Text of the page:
The incandescent dispatches of the desperate burned through the fog, scrawled in urgent spray paint onto white bed sheets, seeming to flutter freely in the air: “The End of Days”—“Injured Children”—“We Need Food”—“Is This Living”—“✝ We Need a Priest”—“What Do You Got To Trade?” The floating cries briefly took my mind off the gruesome forms, took me back to the drive down to Indiana, over a hundred miles north up I-65, past the long, fat python bellies of blown tires; well before Indianapolis pulls herself up from the green; well before the towering windmills bridge the level plains of sky and field, to a sign just outside the city of Gary, visible heading southbound, white sans serif all caps on a black field: “HELL IS REAL.”
Our large grey Chevrolet van, its face smashed in like a pug dog, had led the convoy. Now we parked on the edges of the grievous sea of sunken homes alongside a white Ford Windstar mired in the water’s grassy edge, door ajar like a trauma victim’s eyes, revealing an interior faded and damp and almost laughingly macabre, thanks to the pair of tangerine bikini bottoms dangling from the post off the driver side door’s power lock. Outside, a scrap of blue and red tartan plaid hung ghastly from the van, pressed against the condensation-streaked back window by the rear wiper. On the roof sat a long metal pole, its rusted tips almost spearing my temple as I spun from the human forms sitting upon the lake, coming into focus through the fog.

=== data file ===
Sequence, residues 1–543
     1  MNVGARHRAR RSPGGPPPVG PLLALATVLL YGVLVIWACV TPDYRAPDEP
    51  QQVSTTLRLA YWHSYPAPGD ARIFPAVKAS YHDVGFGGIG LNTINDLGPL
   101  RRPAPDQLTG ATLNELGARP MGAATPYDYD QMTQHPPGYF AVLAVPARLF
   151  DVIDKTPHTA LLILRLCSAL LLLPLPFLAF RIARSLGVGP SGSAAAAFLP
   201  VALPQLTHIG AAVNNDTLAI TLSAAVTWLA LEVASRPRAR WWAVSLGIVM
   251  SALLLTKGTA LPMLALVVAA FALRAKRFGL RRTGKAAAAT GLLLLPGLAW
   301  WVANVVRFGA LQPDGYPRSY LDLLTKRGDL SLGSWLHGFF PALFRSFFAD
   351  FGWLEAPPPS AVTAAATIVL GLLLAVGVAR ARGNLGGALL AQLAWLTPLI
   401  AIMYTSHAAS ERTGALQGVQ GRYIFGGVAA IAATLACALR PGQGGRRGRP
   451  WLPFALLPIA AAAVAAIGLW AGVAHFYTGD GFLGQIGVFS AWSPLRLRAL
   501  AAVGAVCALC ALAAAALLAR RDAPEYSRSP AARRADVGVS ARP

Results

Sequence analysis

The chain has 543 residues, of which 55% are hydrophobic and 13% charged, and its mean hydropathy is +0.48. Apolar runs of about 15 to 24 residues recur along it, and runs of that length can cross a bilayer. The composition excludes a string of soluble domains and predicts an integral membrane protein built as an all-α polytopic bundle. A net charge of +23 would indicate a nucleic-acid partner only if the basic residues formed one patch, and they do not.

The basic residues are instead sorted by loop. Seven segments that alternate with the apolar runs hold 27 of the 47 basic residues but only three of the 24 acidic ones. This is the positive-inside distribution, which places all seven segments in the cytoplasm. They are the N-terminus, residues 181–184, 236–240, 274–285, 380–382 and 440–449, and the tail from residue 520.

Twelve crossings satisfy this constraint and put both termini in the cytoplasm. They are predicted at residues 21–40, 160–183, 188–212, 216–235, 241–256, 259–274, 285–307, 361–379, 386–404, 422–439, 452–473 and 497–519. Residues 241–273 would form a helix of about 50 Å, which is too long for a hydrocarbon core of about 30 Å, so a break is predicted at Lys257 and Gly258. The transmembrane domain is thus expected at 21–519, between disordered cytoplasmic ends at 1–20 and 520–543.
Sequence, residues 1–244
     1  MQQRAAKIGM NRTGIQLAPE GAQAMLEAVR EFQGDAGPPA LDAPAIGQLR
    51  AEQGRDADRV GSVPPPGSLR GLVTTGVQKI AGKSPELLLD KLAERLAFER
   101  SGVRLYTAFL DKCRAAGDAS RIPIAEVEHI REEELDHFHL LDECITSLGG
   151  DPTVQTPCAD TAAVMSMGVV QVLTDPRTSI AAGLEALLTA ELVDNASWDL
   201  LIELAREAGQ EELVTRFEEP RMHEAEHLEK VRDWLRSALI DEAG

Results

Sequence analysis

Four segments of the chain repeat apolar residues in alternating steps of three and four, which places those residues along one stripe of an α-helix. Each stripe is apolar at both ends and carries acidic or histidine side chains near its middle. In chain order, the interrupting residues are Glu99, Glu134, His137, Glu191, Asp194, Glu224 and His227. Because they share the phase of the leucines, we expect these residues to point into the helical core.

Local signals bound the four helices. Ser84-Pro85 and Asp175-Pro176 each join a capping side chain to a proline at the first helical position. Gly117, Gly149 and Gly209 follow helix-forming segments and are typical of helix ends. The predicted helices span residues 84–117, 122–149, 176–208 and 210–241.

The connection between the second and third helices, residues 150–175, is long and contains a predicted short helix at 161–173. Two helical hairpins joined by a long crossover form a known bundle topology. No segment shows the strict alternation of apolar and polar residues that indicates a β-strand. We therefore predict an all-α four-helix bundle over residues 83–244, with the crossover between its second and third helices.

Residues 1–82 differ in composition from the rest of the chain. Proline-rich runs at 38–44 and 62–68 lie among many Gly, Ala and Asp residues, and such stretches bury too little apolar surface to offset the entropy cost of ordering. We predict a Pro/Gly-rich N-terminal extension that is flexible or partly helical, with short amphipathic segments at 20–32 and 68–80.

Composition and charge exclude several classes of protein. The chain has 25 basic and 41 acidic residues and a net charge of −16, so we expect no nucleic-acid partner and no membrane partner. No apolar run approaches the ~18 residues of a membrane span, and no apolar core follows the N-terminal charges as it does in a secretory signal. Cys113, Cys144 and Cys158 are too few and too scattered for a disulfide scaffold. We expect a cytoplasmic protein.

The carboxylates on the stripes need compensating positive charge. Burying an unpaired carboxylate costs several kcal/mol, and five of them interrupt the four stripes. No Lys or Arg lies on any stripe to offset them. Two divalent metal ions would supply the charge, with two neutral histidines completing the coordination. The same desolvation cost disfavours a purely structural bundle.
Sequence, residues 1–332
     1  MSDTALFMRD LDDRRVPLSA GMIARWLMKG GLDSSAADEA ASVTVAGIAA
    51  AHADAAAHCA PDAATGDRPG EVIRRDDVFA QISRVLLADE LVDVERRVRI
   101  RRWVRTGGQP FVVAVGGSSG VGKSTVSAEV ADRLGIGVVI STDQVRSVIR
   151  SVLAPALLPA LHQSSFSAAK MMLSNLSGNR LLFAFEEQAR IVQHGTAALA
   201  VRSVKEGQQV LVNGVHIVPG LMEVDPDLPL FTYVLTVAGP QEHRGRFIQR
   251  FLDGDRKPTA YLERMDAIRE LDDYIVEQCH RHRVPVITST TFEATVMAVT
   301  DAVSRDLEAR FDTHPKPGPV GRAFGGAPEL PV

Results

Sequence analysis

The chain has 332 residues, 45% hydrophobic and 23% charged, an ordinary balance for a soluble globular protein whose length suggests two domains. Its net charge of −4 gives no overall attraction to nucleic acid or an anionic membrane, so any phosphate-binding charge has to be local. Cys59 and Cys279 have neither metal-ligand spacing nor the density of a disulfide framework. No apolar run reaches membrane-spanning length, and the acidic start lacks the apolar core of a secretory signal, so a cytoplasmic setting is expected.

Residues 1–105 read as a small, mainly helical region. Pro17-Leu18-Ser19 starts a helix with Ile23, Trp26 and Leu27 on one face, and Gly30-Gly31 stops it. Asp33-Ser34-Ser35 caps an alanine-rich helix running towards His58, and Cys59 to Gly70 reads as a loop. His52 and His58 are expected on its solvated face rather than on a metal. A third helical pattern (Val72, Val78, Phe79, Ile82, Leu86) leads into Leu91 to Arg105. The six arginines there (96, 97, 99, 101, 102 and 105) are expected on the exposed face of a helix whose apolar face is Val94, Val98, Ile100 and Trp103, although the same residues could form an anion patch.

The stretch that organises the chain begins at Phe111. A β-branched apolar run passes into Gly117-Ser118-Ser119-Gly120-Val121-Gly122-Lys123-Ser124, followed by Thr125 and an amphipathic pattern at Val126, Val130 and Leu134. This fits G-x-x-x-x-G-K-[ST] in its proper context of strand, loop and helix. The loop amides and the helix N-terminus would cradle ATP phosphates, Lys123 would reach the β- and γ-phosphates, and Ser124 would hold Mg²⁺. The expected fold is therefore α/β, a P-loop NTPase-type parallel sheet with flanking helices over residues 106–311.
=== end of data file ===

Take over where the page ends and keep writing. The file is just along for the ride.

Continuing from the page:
By the time we had arrived in Hell—the rolling thunder of our trucks dying with pops and snarls, hisses, low rumbles, finally falling into lockstep with the eerie silence surrounding us—the sun had humped high enough above Indiana to resemble a dental lamp swaddled in dryer sheets, hot white fuzz obscured by mists both chemical and natural. The fog, opaque and ominous, stood biblically on the floodwaters, which lapped at the half-drowned homes of Boatman Road, each domestic ruin materializing in the reduced visibility like shipwrecks.
The foundation prevents the contaminated water the MCD produces—and there is a lot of it—from soaking into the ground. It’s instead diverted via sub pumps to massive orange bags the guardsmen called blivits, which swell like mosquito bellies with 1,200 gallons of contaminated water apiece, and are then emptied off to the side, leaving, in theory, almost no ecological footprint. There were two lanes in the 208th’s MCD, ambulatory and non; the ambulatory lane’s tent was divided by a white plastic partition into male and female sides, while a series of rollers allowed sledded suffering to be rolled through the non-ambulatory side, a casualty conveyor belt. Running at full capacity, the lanes could handle roughly 40 ambulatory (walking on their own power) people per hour, with the non-ambulatory number halved.
Each lane consisted of three sections: one for undressing (the clothes are cut off in the non-ambulatory lane) section; one for washing and rinsing; and one for monitoring, where radiological scans would assure every person was suitably clean. From here, the survivors were passed to the 1171st.